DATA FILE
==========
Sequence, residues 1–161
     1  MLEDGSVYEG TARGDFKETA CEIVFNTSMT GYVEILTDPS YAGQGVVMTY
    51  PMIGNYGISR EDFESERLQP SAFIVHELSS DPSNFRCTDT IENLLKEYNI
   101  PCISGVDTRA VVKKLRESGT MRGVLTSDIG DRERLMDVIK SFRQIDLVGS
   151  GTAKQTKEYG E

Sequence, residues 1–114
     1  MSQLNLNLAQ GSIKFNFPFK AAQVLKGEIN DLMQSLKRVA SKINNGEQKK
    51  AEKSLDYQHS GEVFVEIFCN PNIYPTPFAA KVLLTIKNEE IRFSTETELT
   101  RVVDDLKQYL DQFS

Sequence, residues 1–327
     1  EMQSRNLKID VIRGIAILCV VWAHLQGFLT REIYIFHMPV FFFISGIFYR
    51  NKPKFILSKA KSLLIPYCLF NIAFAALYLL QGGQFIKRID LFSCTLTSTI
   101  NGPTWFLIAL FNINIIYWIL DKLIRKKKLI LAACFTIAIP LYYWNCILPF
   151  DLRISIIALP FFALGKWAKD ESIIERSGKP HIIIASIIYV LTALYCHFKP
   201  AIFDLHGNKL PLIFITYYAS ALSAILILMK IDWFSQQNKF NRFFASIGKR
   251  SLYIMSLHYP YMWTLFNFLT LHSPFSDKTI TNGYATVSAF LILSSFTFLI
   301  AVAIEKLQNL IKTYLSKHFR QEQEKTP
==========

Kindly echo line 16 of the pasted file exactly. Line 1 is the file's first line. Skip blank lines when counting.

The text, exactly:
   251  SLYIMSLHYP YMWTLFNFLT LHSPFSDKTI TNGYATVSAF LILSSFTFLI